Grow Up And Become Awesome: A Small Business Guide

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As I was talking with a 15-year-old-to-remain-unnamed this weekend, it reinforced for me that the tenets of customer engagement are the same as trying to teach a teenager to have a wider world view.  Teenagers are caught up in a world where they are the center of their universe and all things happen to them or because of them.  You and I know that’s not true, but do you remember how difficult a lesson that was to learn for all of us?

It’s not surprising that many businesses have the same skewed views of the world as they embark upon understanding and improving customer engagement.  Often the conversation in conference rooms and cubicles starts out sounding like “How can we make the customer see how awesome we are? Once they do they’ll totally love us.” That’s the wrong place to start.

The first thing you need to realize is that it’s about them, not you.

“Oh, I know that!” you’ll say.  “Let’s post about all the products we offer so they’ll see how we can change their lives! It’s all about having a positive impact on the customer!”

But that’s not quite the right way to approach it either. Instead, think about starting the conversation with this question: “What is the most important thing in my customer’s life right now?”  Don’t try to qualify it with topics that surround your own business and what you can offer.  If the most important thing in their life has nothing to do with you or your product/service (and most likely it doesn’t), that is critical for you to understand.

Knowing this allows you to come to terms with the fact that they may not love you right away and it may take time for them to warm up to you.  A by-product of that is that you will typically find yourself communicating in a more humble voice, one that tries to provide help and value while realizing that you’re not necessarily top of mind… yet.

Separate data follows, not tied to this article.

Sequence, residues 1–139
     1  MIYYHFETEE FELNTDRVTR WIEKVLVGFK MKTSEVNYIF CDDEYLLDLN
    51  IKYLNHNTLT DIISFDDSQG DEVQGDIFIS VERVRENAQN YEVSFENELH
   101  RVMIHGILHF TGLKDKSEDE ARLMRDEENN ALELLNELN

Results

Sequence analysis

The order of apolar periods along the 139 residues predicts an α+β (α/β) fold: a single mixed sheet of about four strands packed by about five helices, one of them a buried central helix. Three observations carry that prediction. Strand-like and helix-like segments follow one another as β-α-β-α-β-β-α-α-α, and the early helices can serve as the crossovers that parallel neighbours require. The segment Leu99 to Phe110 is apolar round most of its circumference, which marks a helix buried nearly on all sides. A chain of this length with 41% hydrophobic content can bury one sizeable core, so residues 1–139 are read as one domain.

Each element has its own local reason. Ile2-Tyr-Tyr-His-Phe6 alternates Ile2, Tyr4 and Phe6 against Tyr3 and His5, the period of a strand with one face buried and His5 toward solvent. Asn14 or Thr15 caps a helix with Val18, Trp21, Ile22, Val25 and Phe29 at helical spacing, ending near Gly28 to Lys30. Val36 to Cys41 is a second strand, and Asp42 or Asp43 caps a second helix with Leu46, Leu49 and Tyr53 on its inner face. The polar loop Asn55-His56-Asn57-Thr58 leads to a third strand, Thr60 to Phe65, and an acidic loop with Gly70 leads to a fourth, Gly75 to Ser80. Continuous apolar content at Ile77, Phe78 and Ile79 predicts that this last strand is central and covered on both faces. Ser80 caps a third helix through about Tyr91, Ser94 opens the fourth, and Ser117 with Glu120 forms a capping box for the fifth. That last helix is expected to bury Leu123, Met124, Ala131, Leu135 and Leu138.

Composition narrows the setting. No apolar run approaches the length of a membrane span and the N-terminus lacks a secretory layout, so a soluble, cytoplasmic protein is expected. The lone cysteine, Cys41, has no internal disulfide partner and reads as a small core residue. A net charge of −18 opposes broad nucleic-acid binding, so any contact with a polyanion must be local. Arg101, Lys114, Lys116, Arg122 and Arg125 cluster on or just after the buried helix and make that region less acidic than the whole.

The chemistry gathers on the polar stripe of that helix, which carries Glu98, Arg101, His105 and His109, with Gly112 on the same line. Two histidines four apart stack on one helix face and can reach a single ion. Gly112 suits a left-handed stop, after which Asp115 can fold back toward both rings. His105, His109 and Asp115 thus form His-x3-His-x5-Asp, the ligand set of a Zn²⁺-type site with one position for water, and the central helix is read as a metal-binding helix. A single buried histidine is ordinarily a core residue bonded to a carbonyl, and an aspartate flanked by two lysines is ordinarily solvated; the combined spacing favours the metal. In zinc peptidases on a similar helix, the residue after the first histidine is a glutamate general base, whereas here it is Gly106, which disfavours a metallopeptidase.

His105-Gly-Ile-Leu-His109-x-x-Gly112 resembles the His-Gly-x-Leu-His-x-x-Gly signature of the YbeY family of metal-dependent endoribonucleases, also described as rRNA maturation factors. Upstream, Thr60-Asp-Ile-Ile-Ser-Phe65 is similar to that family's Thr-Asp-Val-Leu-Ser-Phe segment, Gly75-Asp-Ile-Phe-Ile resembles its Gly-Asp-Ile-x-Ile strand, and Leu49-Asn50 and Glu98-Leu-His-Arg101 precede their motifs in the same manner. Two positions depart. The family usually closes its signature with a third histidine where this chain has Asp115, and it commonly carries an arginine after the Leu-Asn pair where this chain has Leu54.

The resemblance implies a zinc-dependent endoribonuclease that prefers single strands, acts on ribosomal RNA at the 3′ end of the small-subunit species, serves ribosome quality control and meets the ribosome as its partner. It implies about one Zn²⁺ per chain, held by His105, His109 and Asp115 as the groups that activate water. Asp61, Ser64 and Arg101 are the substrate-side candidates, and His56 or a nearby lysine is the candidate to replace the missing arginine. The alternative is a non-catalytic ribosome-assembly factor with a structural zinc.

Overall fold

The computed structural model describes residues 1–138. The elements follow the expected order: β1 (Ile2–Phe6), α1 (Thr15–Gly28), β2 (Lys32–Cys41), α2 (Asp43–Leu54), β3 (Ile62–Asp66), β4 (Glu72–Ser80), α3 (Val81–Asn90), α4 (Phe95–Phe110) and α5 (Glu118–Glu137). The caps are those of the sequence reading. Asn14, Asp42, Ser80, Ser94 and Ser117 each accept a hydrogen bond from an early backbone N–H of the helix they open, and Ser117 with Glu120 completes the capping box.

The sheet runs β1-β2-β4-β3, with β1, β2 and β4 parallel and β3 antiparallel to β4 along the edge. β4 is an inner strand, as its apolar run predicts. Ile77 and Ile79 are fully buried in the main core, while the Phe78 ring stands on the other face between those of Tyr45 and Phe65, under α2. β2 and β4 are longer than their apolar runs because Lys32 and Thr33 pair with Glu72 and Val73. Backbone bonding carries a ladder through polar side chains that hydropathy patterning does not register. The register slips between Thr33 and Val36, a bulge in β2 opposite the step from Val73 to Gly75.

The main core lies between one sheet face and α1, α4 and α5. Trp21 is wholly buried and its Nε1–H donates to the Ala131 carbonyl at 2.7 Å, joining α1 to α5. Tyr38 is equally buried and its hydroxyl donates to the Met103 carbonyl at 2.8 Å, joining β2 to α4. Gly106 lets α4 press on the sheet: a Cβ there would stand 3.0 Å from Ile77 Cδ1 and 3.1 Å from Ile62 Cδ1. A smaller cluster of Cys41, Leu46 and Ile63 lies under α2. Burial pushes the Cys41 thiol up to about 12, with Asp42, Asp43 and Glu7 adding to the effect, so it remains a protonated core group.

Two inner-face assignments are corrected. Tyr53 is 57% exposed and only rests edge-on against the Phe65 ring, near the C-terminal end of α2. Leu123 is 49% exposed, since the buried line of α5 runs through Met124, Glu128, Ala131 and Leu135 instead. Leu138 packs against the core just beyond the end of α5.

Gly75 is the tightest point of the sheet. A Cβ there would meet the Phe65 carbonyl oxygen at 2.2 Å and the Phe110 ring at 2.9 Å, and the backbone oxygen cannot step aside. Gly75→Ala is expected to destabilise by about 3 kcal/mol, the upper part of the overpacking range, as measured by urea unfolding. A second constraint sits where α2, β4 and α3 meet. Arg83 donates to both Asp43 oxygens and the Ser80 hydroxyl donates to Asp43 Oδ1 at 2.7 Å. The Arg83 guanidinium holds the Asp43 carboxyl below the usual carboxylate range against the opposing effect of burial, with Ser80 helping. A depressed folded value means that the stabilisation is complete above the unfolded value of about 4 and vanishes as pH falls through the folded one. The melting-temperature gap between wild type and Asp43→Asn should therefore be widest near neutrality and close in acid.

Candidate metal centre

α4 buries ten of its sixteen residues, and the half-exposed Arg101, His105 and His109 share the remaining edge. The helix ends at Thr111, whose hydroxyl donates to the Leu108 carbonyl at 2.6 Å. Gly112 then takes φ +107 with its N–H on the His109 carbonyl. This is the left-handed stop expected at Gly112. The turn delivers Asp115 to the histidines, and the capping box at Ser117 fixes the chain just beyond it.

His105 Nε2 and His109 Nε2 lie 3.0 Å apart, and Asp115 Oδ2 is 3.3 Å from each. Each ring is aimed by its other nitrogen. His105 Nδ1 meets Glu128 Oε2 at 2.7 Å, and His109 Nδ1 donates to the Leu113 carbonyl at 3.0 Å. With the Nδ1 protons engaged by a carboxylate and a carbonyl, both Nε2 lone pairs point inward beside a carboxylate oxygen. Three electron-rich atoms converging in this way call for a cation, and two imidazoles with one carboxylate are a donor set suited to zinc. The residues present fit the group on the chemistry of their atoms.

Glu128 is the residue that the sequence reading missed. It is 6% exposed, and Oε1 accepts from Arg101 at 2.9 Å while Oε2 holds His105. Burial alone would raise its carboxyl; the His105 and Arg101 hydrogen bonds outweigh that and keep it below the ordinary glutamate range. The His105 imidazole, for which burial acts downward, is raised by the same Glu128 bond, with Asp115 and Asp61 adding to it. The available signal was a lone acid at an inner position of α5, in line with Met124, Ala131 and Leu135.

The good news is that all of this will help keep you in that customer’s frame of reference and the communication style should aid positive recollection of you as a person and, by extension, your business.  That means they’ll be more receptive to listening to what you have to say, and when they are in need of your services, you’ll be there to help them out.

Then they’ll see how awesome you really are.

Photo credit DLeafy @ http://www.sxc.hu/photo/1198751

2 Comments on "Grow Up And Become Awesome: A Small Business Guide"

  1. Lairy May 14, 2011 at 9:43 pm ·

    Need to know how to get equipment leasing for start up business, preferably from someone who has done this before….need trucks for fast growing appliance repair service

  2. Dave Choate May 16, 2011 at 8:48 am ·

    Lairy, glad to help you. Try contacting Josh Mabee at 603-373-1330. Best of luck!

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